But they're a minefield of potential humiliation. They provide the perfect opportunity to reveal our confusion about plurals and possessives.
Happy holidays from the Smith's.
To the Thomases'.
We look forward to visiting the Garcias's house this year.
It just wouldn't be Christmas without all those flubbed plurals and possessives on holiday cards and, worse, on personalized gifts like doormats and placards that welcome visitors to the home of "The Jones's."
But unlike those fumbling attempts profess how much you "love" your new Snuggie, these catastrophes are avoidable. Just remember the things you already know about plurals and possessives, and then take it slowly.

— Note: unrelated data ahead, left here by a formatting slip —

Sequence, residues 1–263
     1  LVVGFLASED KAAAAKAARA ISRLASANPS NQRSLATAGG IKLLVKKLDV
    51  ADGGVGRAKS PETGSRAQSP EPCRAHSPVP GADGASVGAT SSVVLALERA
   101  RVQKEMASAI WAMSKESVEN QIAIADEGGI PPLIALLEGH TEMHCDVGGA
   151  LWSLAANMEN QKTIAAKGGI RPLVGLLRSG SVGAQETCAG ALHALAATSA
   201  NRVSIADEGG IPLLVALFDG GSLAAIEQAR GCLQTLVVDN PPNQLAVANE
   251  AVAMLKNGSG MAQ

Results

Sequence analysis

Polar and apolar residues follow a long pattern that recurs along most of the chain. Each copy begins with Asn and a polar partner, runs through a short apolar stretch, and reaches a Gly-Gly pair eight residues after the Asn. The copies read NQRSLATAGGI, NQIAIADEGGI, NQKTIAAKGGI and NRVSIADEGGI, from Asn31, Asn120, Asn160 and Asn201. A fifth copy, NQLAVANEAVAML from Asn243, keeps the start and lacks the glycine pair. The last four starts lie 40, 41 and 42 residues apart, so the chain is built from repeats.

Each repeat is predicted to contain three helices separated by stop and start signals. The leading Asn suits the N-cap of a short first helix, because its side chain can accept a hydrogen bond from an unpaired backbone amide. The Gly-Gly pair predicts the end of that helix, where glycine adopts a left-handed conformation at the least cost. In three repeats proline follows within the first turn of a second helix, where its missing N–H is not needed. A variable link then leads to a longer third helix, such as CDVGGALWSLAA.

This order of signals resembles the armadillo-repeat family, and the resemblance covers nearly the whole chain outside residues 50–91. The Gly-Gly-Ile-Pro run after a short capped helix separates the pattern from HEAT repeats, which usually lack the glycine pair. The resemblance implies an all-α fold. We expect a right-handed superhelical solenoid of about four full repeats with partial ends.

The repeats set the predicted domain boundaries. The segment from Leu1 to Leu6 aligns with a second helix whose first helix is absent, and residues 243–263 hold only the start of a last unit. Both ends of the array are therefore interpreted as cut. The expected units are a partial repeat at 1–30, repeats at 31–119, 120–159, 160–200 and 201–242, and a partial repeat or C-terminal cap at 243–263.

Say, for example, you're Smith. The rules of plurals tell us that, when you're talking about more than one Smith, you add an S: the Smiths.
That's different from possessives. To show that something belongs either to Smith or to all the Smiths, you need to remember the rules of possessives. For singular words that don't end in S, you form the possessive by adding an apostrophe and an S. The dog's tail. Smith's house. For plural words that end in S, add only the apostrophe. The dogs' tails. The Smiths' house. Those freak plurals that don't end in S, words like men, children and deer you treat just like singulars: add an apostrophe and an S: the men's department.
So if the person you're writing to or about has a name not ending in S, ask yourself whether you want a singular (Smith) or a plural (Smiths). Then, if you want to show possession, note whether it's singular possessive (Smith's), or a plural possessive (the Smiths').